Americans spend billions of dollars each year on dietary supplements, touted to relieve everything that could possibly be wrong with you. The National Institutes of Health’s Office of Dietary Supplements estimates that, in 2014, Americans spent nearly $37 billion on these products, with much of that money going toward products promising to help you lose weight, build muscles, increase sexual function and ease pain (among many others).
But increasingly, consumer advocates and regulators are warning that the marketing claims made by some of these products are questionable, if not patently false. Recently, federal regulators put the brakes on schemes by three Florida-based companies that they accused of deceptively marketing and selling dietary supplements, promising relief for a wide range of ailments.
According to the FTC’s complaint, NextGen Nutritionals, Strictly Health and Cyber Business Technology and their owners made false or unsubstantiated representations for five dietary supplements including BioMazing HCG Full-Potency Weight-Loss Drops, Hoodoba diet pills, Fucoidan Force (touted to fight cancer, HIV/AIDS and even high cholesterol), Immune Strong (claimed to be able to strengthen the immune system), and VascuVite (for blood pressure). Ads for the products appeared on a variety of websites.
The FTC took issue with a number of specific claims for each product, accusing the companies of making unsubstantiated claims, not backed by adequate scientific evidence, and accused the companies of posting a “Certified Ethical Site” seal on several of their websites, which directed consumers to “click to verify.” “Consumers who clicked on the seal were taken to another website claiming that defendants’ website had been verified as ‘ethical’ and ‘trustworthy’ by Ethical Site, ‘the most reliable evaluator of trust in the online marketplace,’” the FTC alleged. In fact, the agency noted, Ethical Site was not an independent third-party certification program, but was in fact owned and controlled by the company’s owners.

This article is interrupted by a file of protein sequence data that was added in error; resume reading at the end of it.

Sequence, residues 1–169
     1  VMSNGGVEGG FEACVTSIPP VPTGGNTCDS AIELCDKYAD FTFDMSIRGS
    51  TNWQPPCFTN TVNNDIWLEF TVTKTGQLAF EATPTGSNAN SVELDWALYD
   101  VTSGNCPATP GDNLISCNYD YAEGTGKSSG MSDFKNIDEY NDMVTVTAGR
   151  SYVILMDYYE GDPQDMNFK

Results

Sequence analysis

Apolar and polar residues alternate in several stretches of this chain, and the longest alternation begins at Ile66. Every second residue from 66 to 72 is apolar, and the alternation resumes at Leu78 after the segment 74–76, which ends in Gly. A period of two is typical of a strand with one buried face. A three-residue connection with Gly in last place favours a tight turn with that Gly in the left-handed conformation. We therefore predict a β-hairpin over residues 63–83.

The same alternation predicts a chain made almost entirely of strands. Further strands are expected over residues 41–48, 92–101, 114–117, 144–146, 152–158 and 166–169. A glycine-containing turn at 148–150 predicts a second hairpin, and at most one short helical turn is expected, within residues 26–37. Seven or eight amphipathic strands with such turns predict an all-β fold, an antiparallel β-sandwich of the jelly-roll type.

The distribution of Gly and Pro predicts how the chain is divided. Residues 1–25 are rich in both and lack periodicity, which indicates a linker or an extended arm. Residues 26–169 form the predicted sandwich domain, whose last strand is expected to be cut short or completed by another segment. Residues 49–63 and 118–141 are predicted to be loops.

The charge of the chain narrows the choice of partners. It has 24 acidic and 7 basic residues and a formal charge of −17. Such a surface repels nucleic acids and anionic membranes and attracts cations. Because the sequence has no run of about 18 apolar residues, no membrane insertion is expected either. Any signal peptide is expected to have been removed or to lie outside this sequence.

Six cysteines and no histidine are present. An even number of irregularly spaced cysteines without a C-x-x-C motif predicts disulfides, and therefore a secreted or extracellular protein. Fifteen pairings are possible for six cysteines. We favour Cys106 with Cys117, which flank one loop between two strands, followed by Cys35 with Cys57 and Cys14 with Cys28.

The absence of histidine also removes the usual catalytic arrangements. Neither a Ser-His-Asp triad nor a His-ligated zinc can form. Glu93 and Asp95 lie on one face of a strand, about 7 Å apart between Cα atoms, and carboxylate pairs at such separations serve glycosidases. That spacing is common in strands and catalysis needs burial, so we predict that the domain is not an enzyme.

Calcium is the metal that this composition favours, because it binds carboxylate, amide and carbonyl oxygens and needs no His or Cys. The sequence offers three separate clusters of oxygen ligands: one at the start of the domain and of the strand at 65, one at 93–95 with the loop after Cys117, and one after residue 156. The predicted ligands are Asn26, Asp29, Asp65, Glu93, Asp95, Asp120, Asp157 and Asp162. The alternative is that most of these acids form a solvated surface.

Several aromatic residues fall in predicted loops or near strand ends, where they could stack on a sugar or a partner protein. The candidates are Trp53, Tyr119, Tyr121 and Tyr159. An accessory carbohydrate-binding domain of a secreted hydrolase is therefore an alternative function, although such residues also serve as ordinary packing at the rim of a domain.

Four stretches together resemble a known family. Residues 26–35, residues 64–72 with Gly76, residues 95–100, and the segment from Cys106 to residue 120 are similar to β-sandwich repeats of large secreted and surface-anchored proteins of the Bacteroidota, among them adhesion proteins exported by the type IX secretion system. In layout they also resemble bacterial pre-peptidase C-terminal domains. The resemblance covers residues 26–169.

In addition to ordering the companies to cease and desist from making false or unsubstantiated claims, the company was ordered to pay $29,030 out of a total judgment of $1,344,173, after claiming they didn’t have the money to pay.
If you are thinking about taking a dietary supplement, the U.S. Food and Drug Administration urges you to think carefully, check with your physician and consider these tips:
Avoid “one product does it all” claims. Be suspicious of products that claim to cure a wide range of diseases, the FDA advises.
Be suspicious of personal testimonials, even from trusted celebrities. Success stories such as “It cured my diabetes” or “My tumors are gone” are easy to make up and are not a substitution for scientific evidence, the FDA notes on its website.
Watch for claims of quick fixes. Unfortunately, most diseases and conditions take time to treat, even with established products. If a product claims to do anything “in a few days,” it’s a red flag.
“All natural” doesn’t necessarily mean “safe.” Just because some things are found in nature doesn’t mean they’re safe to consume, yet unscrupulous marketers have successfully used this claim for years. In fact, products sold with this claim might include toxins, allergens or even ingredients found in prescription drugs.
“Miracle cures” usually aren’t. If someone really found a cure for the common cold or cancer, it would be all over the news, wouldn’t it? Avoid products that claim miraculous results or that the product has been purposely kept from public use.
Doubt claims that products are “FDA-approved.” “Domestic or imported dietary supplements are not approved by the FDA,” the agency advises on its website.